"Just when Mia thought she had the whole Princess thing under control
get out of hand fast!" This is how Meg Cabot's second volume, Princess
Diaries II: Princess in the Spotlight is described on the flyleaf of
the book. Like the first volume, it is written in the format of a teenage
girl's diary, and charts Mia's further adventures as a princess-in-training.
To recap volume I, Mia Thermopolis is an average ninth grader growing
up in Greenwich Village until she discovers that her father is the royal
prince of Genovia and due to cancer treatments has been left sterile. Mia
is his only child and as such she is now the next in line to rule Genovia.
This came as a complete shock to Mia who knew her father was an important
foreign diplomat, but not that he was THAT important! In volume I, Mia
begins her princess-in-training lessons with her Grandmere, learns to cope
with her ever-present bodyguard, Lars, and discovers the difference between
real and false friendship, and that image is not always the best indicator
In volume II, Mia continues to deal with her unique family situation
and takes on the media. Grandmere is up to her old tricks and schedules
Mia for an interview on a major television talk show. Mia is shaking in
her army boots, not so much because she is nervous, which she is, but due
to the flu. A dose of cough syrup before the interview leaves Mia woozy
and Genovia in a state of national chaos. At home, life is no less chaotic.
Mia's mother is pregnant and Mr.Gianini, her Algebra teacher, is the father!
While the parents-to-be plan a quiet Halloween wedding at Town Hall, Grandmere
has other ideas for the mother of the future ruler of Genovia. She has
invited a select group of 300+ guests and dignitaries for a gala wedding
at the Plaza. Meanwhile, her mother's "countrified" parents and Mia's "knock
dead gorgeous" cousin have descended upon the household. Complicating matters
further, Mia has started to receive mysterious email from a secret admirer
who wants to meet her for the Halloween showing of Rocky Horror. Poor little
Princess, what will she do?
Mia continues to mature as she faces more of the issues facing young
people today. She comes to terms with her ambivalence about her mother's
impending marriage, her new stepfather, and soon to be new sibling. She
confronts the issue of deciding between family commitments and personal
interest. She also negotiates the realm of secret email flirtation. (This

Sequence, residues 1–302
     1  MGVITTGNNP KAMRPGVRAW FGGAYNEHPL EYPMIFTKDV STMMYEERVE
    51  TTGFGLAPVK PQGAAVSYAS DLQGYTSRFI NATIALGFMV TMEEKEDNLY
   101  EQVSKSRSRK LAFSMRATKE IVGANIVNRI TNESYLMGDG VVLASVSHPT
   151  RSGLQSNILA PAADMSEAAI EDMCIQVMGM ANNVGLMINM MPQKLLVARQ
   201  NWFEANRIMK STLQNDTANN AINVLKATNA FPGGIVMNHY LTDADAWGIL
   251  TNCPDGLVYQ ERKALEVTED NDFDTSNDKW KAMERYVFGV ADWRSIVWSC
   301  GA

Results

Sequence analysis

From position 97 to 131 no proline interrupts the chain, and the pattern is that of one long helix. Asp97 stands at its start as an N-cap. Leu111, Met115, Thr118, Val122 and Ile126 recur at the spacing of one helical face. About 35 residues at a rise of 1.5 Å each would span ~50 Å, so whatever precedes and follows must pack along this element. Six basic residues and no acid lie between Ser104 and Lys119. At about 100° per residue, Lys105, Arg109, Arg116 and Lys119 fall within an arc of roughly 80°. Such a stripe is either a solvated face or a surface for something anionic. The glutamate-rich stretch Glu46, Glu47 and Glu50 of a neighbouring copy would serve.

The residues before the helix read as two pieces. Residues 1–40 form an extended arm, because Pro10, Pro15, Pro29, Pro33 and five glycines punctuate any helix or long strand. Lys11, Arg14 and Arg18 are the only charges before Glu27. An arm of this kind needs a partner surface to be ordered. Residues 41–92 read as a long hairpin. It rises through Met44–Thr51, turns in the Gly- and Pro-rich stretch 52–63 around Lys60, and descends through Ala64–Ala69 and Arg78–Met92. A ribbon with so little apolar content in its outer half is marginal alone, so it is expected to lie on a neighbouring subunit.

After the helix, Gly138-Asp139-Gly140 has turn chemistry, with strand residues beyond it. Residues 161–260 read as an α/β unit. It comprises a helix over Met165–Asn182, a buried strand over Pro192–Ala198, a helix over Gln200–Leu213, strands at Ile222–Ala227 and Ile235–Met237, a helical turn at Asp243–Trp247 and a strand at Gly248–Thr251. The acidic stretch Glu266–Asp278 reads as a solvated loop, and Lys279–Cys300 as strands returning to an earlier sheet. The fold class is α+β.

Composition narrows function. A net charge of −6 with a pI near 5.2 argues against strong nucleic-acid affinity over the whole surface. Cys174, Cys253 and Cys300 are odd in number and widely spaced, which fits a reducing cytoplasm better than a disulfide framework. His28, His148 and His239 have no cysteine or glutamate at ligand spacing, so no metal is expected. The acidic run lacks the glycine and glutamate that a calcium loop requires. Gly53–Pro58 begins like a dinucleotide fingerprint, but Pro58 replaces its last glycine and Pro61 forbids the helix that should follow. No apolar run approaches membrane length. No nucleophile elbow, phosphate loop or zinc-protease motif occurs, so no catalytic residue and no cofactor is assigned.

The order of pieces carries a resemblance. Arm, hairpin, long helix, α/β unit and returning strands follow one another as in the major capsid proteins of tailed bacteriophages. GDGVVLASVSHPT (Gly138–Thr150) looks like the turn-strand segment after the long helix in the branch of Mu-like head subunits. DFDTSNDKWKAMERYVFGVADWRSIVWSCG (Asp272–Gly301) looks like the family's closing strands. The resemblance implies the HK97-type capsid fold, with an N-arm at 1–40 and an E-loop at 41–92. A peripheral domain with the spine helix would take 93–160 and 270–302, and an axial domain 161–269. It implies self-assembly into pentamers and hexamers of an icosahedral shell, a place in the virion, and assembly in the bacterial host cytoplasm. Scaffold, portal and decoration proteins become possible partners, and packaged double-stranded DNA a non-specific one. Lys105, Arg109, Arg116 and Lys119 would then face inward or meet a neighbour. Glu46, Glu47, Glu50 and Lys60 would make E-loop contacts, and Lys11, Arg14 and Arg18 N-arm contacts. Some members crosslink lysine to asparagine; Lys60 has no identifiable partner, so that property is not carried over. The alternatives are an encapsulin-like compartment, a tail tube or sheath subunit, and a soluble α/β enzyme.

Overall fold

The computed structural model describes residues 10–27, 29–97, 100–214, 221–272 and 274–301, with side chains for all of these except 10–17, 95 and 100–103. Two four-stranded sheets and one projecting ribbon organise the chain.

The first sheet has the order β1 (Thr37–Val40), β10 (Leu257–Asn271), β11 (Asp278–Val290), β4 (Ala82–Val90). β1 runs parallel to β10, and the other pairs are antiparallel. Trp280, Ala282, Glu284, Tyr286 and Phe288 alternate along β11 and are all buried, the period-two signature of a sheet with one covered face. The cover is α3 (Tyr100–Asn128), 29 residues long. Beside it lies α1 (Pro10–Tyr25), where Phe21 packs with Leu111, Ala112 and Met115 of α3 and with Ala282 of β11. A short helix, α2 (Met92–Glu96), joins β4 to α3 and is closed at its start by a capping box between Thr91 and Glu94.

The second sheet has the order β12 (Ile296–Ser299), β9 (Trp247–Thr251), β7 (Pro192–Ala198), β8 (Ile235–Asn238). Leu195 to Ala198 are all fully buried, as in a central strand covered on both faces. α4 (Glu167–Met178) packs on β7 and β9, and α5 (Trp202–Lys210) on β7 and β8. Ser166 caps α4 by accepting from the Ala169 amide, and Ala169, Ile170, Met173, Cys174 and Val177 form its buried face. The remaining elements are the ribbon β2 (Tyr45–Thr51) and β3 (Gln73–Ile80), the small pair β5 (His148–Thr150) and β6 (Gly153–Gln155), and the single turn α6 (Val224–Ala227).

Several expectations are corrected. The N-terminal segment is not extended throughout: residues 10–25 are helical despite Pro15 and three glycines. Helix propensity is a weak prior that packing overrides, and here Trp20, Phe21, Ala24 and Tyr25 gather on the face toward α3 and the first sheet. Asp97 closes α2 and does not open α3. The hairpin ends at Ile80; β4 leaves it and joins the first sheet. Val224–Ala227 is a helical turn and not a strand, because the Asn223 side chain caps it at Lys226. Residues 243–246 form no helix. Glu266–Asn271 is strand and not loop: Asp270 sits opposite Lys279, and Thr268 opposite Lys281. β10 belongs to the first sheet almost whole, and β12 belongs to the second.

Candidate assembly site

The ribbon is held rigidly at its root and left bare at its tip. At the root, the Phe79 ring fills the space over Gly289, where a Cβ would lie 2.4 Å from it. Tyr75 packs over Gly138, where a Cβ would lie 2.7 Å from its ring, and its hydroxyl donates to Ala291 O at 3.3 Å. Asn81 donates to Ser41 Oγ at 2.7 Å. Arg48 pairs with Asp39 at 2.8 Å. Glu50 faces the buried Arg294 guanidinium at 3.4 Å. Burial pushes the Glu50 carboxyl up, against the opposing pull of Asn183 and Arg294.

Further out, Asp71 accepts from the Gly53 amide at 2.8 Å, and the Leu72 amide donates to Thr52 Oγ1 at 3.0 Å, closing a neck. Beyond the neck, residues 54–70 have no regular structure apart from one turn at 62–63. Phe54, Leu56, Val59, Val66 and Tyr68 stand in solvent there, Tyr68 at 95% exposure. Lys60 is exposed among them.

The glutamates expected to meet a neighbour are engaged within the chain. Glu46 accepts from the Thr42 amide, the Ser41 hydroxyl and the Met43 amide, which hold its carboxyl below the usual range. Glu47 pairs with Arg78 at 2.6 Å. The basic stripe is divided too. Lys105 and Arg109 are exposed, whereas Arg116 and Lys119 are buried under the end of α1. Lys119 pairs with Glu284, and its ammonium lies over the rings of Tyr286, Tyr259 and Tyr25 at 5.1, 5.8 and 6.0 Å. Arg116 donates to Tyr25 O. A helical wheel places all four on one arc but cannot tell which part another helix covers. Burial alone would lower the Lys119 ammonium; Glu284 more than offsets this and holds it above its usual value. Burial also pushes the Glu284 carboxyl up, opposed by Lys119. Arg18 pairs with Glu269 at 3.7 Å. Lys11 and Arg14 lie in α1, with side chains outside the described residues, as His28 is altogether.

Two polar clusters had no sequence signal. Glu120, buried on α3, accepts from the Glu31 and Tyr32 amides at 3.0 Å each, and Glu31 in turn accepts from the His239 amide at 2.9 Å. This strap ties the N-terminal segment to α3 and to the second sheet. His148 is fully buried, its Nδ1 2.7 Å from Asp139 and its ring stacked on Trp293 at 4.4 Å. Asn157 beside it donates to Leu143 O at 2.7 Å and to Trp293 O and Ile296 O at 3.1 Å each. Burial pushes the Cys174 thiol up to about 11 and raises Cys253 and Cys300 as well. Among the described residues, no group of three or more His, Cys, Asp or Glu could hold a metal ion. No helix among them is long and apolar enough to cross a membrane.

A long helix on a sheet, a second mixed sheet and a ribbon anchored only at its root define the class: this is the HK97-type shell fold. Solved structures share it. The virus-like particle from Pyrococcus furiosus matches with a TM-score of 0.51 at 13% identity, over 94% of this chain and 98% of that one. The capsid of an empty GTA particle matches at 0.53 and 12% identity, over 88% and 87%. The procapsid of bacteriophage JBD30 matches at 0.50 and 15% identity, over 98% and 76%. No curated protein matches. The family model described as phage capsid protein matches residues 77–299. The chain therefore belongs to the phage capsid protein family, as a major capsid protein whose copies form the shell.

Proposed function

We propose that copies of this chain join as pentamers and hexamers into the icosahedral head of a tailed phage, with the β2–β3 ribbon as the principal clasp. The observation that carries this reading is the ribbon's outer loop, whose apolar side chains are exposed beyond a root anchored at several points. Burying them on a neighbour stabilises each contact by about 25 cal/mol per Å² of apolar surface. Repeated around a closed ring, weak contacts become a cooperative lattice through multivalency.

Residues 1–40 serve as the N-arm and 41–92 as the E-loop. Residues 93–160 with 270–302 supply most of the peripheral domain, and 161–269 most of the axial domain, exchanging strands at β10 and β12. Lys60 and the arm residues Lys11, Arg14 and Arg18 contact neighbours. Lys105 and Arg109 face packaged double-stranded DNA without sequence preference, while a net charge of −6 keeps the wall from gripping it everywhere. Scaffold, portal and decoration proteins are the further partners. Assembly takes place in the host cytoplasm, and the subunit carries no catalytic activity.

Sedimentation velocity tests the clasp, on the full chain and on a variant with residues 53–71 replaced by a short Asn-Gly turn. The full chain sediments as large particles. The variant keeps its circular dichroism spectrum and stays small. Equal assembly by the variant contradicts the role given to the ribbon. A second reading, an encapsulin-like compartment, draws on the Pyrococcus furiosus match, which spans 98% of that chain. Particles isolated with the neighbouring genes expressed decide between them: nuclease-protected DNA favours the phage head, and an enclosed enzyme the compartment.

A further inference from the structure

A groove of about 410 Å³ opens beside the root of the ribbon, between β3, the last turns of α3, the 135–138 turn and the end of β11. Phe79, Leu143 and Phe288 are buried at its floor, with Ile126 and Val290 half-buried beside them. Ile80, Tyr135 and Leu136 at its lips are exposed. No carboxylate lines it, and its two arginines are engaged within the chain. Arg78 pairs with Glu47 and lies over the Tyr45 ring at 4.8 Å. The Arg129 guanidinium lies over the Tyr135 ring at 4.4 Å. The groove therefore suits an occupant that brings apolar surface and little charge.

latter issue should have at least alluded to some of the risks in flirting
with and meeting strangers met online, but did not.)
Mia's second Princess Diary is as delightful as the first! It heavily
relies on information and relationships established in volume I. This novel
should be read only after having read volume I. (I personally wonder if
the two volumes were originally intended to be one volume, but that they
were at some later point divided.) All this having been said, I recommend
the Princess Diaries set. It is appropriate for ages 12 and up.
© 2001 Suzanne Garrison-Terry
Education: B.A. in History from Sacred Heart University, M.L.S.
in Library Science from Southern Connecticut State College, M.R.S.
in Religious Studies/Pastoral Counseling from Fairfield University,
and a M.Div. in Professional Ministry from New Brunswick Theological
Seminary. She is currently completing a Certificate in Spirituality/Spiritual
Direction from Sacred Heart University (July 2001). She is a Licensed
Minister of the United Church of Christ and an Assistant Professor
in Library Science at Dowling College, Long Island, NY.
Interests in Mental Health: I am interested in the interplay between
psychology and spirituality. My current research focuses on the
role of hormonal fluctuation during puberty, pregnancy, and peri-menopause
as a stimuli for mystical experiences. Through the study of autobiographical
accounts of the mystical experiences of "historically accepted"
female Christian mystics and additional biographical information,
I am analyzing the connection between the onset of mystical experiences
and biological data/symptomology for the potential existence of
hormonal fluctuation or irregularity. If this sounds like an unusual
topic, nota bene how many medieval female mystics began having
"vision" on or about the age of 40!